In the end, with all the effort put down, I am hoping for a full ride to a good Mechanical Engineering school. But most importantly, I want to make sure that I am a mature believer in God. . . .
Gabe made it to college (he'll run at Christian Brothers University in Memphis), and he says he has accomplished that last goal, too, although right now the "mature believer" is using his plastic fork to fling berries into Jacob Weldon's mouth from across a picnic table.
Jacob had never run track until Gabe talked him into it their sophomore year. "That worked out well," says the section champ and co-owner of that record. (Jacob, the quietest member of the relay team, declines to share the contents of his envelope other than, "I gave myself a dollar bill for some reason.")
A Bay Area documentary crew—one of several that has been a frequent presence since last fall—sets up at the edge of the water. A playful senior grabs the microphone, jabs it in a friend's face and asks the question they've all heard a hundred times. "Did your house burn down in the fire?" Then, in mock apology: "I'm sorry, was that too on the nose?" A dozen seniors laugh at the joke, which only those who have experienced tragedy like this one can understand.
"It's all they want to know," explains the senior, who, predictably, understandably, declines to give her name to a reporter. "They want to know if we were impacted." When the press encounters a kid whose home survived the fire, such as Ezra Gonzales, "they find a way to kind of move on and look for someone else," he says, pantomiming a reporter going to the next person in line. "'Did your house burn down?'"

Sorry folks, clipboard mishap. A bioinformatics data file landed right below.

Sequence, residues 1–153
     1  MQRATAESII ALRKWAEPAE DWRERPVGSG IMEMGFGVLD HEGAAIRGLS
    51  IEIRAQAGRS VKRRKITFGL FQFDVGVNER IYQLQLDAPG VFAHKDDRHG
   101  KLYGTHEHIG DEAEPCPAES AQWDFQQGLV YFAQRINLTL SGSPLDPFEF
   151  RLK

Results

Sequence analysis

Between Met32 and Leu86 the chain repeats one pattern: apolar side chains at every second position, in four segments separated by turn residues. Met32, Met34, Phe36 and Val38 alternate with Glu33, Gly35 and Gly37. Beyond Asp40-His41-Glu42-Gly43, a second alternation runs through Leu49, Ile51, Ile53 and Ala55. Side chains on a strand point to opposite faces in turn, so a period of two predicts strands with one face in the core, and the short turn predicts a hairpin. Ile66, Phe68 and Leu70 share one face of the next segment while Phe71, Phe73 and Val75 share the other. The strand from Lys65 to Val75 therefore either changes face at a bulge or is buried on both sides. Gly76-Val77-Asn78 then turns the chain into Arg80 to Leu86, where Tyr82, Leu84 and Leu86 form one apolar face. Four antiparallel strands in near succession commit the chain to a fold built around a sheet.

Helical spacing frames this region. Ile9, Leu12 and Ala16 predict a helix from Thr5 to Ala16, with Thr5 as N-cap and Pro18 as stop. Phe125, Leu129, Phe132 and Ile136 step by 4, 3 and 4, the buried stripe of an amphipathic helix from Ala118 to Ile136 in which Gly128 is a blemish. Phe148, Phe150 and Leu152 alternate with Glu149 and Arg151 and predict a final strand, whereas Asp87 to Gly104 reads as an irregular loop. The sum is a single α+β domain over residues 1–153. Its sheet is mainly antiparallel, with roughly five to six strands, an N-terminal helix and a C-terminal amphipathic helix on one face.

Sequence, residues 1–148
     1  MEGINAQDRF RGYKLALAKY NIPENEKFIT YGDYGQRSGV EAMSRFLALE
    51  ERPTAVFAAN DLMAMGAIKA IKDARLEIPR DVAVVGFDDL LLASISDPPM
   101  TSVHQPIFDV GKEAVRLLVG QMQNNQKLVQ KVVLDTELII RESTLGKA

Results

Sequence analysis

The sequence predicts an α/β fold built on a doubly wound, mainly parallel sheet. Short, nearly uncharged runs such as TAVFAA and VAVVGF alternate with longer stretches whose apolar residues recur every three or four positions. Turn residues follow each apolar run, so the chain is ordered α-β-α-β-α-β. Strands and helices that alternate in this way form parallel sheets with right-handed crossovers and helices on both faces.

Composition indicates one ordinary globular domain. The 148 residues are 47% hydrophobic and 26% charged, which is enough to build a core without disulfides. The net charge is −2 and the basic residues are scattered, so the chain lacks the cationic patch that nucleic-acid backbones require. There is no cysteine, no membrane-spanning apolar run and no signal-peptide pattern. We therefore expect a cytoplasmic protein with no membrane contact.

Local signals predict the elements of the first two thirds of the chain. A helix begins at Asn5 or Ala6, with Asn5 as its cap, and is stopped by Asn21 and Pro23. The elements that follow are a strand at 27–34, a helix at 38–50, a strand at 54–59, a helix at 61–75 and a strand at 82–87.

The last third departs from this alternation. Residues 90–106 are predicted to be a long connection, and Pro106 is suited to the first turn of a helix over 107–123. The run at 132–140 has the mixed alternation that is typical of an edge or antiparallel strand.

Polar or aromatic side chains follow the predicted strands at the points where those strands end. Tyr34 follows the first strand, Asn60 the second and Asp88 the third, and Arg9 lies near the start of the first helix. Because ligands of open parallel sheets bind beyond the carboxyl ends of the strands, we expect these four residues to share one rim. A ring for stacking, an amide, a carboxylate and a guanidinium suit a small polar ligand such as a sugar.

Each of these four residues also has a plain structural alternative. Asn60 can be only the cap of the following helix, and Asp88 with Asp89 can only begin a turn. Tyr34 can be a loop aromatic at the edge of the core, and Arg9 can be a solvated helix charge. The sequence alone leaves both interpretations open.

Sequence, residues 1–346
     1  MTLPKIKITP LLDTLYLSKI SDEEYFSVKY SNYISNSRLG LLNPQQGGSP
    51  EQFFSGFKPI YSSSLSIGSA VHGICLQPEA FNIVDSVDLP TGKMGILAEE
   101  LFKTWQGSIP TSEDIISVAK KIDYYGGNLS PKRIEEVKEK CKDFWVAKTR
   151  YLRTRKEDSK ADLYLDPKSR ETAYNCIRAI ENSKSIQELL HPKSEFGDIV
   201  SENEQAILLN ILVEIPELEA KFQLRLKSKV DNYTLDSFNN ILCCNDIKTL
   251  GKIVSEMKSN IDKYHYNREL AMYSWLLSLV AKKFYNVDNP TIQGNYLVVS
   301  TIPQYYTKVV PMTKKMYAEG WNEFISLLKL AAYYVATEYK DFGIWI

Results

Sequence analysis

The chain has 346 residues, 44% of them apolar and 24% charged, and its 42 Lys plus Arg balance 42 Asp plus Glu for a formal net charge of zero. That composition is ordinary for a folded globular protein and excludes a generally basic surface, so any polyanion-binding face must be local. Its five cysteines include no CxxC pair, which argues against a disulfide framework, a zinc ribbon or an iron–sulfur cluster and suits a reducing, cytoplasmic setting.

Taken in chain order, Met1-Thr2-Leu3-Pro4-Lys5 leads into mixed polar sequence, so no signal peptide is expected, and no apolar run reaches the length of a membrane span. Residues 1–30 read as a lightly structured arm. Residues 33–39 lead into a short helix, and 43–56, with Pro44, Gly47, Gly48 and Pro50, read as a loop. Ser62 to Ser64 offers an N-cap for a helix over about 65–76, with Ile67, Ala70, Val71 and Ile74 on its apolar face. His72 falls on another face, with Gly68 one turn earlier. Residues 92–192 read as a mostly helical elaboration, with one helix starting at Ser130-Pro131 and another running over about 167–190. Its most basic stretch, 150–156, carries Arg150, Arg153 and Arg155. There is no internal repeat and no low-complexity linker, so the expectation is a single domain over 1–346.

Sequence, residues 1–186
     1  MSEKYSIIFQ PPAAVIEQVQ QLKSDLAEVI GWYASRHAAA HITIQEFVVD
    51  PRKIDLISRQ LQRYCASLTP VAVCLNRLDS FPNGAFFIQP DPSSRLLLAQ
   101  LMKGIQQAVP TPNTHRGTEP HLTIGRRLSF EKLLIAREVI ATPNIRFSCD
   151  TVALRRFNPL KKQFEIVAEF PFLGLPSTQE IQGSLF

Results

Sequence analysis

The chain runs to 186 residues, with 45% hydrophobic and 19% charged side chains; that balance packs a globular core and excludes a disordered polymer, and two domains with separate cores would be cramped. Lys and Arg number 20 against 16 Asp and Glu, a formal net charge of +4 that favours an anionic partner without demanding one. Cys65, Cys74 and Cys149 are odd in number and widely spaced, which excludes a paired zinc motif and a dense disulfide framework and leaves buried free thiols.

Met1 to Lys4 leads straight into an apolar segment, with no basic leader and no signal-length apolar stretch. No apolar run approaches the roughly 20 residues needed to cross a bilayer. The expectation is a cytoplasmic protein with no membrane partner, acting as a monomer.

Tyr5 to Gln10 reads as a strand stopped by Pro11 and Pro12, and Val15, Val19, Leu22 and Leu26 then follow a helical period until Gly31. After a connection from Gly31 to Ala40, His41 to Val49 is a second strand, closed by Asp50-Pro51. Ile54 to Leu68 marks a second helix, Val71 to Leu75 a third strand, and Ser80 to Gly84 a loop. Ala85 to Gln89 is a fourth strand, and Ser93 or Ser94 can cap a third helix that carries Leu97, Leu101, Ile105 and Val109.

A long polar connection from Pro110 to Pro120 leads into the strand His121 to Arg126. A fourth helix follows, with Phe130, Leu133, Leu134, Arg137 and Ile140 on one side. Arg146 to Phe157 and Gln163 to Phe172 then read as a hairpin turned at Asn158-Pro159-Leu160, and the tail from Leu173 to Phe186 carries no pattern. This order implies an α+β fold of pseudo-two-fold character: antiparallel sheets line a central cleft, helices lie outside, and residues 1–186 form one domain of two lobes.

"The media became part of our new normal," Ezra continues. "At first you're like, Holy crap there's a camera in my English class. We're gonna be in a documentary! . . . Eventually the cameras withered into the scenery. If I see a camera now, I don't even bat an eye at it."
Stearns doesn't mind the media attention, but takes issue with those "who come and go and just want to do that little blurb and not really care about us. They just want to get the worst story. That fed into us not wanting media around anymore." One national press outlet, she says, distributed a flier to the kids that asked, Who has the worst story of getting through the fire?
"I mean, Ew. Right?"
"Who's house we staying at tonight?" Gabe asks his friends at the picnic table. Paradise kids don't need to ask permission from their parents to have a sleepover. Every viable home seems to have an extra air mattress, couch or sleeping bag.
"We can drive up to Redding and stay in our trailer!" Gabe jokes. The guys laugh, but Gabe kind of needs an answer. The sun is dropping, Redding is 90 minutes away and he doesn't have a way to get there.
The coaches and teachers are packing up. The kids are meandering, towels around waists, to their dusty pickups and dented two-door compacts. The track seniors decide to take one last dip. Gabe tackles a distance runner, smacking her face into the water. Biology teacher Ambrosia Krinsky doesn't flinch. "Country kids play hard," she deadpans. Gabe and the girl are laughing when they surface. She slaps him on the arm so hard it leaves a pink handprint.